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Friday, September 5, 2003



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STAR-BULLETIN FILE
Dancers from the Polynesian Cultural Center entertain visitors in Waikiki. A state tourism report recommends funding for programs to boost Native Hawaiian cultural experiences.



Tourism study
wants greater
focus on culture

A separate report
finds the notion that
visitor traffic exacerbates
crime may be misguided


A state sustainable tourism report says that some elements of the visitor industry have served to marginalize Native Hawaiians and distort their culture, and recommends state funding for programs to boost cultural experiences.

The report, part of a larger sustainable tourism project, also suggests the creation of a "cultural landscape" land classification that would include population density limits, historical preservation designations and design codes to protect designated areas.

The report recommends that the state Office of Hawaiian Affairs and the nonprofit private Native Hawaiian Hospitality Association each get a voting seat on the state Hawaii Tourism Authority, which is largely made up of tourism industry representatives.

The project, Planning for Sustainable Tourism in Hawaii, is an ongoing $1.2 million state effort to find specific impacts of tourism's growth on a broad range of aspects of the island lifestyle.

The project released two draft reports yesterday, one on impacts on Native Hawaiians, prepared by an advisory group, and another focused on Hawaii's general population, prepared by state consultant John M. Knox & Associates Inc.

The Native Hawaiian report says that tourism must be considered in the historical context of events that have pushed Hawaiians from positions of power in the islands.

"Tourism has had the further debilitating effect of distorting the culture through commercially driven presentations that lack cultural depth and dignity," the report said. "Our culture is further distorted by homogenized presentations that sandwich Hawaiian culture between layers of other Polynesian cultures so that it fails to be distinguishable as unique to the Hawaiian heritage."

"Hawaiians are the greatest hosts in the world. We don't need to be trained in how to treat guests and how to treat strangers," said Peter Apo, a co-author of the Native Hawaiian report. He said the group's intent is to help the tourism industry improve.

On a positive note, the report says there is a growing demand for genuine Native Hawaiian culture within the tourism industry. As "best practices," it cites care for ancestral burials in Waikiki and at Maui's Ritz-Carlton; the design of the city's Hanauma Bay Marine Education Center; and the Parker Ranch Tree Project, which has planted 800 indigenous trees on the Big Island.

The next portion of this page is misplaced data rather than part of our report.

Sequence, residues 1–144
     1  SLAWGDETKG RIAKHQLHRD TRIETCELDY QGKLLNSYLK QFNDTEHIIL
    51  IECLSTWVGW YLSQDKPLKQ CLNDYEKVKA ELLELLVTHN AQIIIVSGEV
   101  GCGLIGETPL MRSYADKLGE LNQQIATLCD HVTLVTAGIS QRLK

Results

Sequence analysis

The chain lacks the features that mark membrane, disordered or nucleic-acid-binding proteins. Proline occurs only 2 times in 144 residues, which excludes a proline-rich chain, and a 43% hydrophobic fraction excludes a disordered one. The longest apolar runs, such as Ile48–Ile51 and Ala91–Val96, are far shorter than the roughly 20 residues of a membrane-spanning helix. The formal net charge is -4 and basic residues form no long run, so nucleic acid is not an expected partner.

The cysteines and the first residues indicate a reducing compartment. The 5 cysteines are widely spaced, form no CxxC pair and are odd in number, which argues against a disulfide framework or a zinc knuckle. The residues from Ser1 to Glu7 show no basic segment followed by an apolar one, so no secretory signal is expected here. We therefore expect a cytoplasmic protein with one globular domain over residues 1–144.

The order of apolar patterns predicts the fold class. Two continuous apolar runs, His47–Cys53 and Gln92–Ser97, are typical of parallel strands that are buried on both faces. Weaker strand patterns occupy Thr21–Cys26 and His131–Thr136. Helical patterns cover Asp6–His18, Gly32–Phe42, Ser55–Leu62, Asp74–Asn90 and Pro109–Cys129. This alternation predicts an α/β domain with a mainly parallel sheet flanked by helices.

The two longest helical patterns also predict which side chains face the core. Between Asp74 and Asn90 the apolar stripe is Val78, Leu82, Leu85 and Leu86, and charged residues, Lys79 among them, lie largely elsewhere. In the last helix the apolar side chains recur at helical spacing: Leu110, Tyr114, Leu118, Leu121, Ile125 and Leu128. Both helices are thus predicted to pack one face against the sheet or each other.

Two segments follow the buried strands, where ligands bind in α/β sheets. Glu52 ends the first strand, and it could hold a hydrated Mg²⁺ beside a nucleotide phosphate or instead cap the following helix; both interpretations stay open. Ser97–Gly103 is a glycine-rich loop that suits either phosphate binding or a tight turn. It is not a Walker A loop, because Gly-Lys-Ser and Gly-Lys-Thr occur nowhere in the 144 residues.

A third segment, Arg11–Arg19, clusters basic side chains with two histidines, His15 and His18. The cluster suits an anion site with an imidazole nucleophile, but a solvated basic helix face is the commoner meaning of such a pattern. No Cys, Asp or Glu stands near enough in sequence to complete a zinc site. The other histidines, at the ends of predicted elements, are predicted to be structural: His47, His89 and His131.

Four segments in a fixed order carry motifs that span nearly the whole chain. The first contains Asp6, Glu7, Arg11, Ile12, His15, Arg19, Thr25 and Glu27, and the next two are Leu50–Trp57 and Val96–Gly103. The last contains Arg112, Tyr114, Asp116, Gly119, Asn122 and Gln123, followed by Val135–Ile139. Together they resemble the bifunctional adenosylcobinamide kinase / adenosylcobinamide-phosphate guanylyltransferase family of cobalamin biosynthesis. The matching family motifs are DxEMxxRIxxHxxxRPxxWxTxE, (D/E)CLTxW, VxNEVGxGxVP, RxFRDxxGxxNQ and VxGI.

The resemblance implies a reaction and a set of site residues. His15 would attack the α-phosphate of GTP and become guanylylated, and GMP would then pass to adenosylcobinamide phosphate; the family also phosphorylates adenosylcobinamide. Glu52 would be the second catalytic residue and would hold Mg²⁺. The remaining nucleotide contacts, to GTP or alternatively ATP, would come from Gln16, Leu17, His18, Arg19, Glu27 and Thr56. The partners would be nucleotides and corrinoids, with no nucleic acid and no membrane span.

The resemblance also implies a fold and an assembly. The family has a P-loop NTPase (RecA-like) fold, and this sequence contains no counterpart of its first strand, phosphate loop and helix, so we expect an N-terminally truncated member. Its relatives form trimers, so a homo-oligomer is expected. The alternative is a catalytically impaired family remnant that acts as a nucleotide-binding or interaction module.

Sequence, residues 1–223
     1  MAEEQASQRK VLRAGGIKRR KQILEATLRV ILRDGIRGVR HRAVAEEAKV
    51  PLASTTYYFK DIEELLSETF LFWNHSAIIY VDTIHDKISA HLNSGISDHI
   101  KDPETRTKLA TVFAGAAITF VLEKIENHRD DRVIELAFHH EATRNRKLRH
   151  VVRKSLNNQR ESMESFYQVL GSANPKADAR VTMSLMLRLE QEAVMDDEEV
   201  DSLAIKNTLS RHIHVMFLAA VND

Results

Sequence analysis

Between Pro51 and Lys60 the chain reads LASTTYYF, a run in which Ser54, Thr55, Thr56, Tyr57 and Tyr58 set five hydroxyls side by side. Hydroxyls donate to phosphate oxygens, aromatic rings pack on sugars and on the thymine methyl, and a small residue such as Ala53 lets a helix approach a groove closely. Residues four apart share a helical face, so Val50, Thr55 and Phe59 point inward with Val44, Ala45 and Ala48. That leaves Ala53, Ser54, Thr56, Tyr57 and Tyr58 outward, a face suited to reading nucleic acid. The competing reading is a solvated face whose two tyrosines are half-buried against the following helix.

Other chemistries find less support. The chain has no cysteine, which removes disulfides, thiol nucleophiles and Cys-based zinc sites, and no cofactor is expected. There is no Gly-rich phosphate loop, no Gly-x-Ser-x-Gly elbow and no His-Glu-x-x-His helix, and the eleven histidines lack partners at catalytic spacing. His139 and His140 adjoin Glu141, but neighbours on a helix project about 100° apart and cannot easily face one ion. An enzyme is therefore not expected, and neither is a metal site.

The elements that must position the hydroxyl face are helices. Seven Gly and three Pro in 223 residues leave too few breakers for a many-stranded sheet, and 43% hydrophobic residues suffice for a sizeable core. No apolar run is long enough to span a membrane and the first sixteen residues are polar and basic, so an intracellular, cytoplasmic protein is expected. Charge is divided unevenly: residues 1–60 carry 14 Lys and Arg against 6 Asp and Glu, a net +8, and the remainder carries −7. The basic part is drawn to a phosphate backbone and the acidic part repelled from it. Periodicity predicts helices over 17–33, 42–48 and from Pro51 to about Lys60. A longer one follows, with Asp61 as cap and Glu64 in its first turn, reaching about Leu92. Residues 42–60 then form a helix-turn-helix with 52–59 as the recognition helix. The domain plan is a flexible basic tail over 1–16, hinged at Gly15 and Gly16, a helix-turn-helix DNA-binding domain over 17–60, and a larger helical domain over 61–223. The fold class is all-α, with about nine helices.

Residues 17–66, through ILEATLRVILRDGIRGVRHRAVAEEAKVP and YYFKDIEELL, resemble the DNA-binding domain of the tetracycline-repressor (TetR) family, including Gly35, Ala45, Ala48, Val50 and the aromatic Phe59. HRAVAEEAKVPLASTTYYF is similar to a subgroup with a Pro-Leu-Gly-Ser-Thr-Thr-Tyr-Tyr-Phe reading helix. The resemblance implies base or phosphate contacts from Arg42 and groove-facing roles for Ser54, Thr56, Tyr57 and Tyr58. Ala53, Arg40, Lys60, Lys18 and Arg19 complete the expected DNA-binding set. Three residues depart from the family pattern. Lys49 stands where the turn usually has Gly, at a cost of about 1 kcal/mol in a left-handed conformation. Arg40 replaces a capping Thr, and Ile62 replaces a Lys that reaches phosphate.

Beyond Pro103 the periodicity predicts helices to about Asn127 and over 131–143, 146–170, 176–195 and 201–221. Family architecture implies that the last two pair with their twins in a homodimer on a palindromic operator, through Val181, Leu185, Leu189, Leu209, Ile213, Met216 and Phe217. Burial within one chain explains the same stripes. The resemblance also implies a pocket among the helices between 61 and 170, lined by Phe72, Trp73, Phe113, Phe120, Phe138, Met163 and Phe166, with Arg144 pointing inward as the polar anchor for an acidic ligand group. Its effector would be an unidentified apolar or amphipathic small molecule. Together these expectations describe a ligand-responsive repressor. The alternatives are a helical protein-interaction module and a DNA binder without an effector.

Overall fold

A separate report on the impact of tourism on Hawaii's broader population dedicates a large volume to the link between tourism and crime. It notes that a previous state survey found 41 percent of local residents think tourism makes crime worse. However, an analysis of crime statistics from 1975 to 2001 more often shows the opposite effect -- that many types of crime declined at the same time tourism has grown, the report said.

Murder and burglary rates have decreased for all four counties, although there does appear to be a correlation between rape and tourism growth on Oahu and the Big Island, according to the report.

"The relationship between serious crime and tourism varies from place to place and time to time. It is a matter of local circumstances," the report said.

The report does not say that tourism makes crime better, but it suggests tourism helps the state's economy, easing the crime rate.

John M. Knox & Associates and Progressive Analytics Inc. are holding public meetings this month on every island to discuss the project, and plan to produce a final report and computer model early next year. An inventory of state's infrastructure and environmental resources was released last year.

The new draft reports are available online at www.hawaiitourismstudy.com.

The project needs input on draft "goals and indicators" meant to monitor and manage tourism, said John Knox. "We kind of think this can be a guideline for sustainable tourism," he said.

The report on Native Hawaiian impacts is based on the observations of Davianna McGregor, associate professor at the University of Hawaii; Apo, director of the Hawaii Hospitality Institute; Dennis "Bumpy" Kanahele, director of the Kanaka Maoli Research & Development Corp.; and Cherlyn Logan, human resources vice president for Hilton Hotels Western Region.



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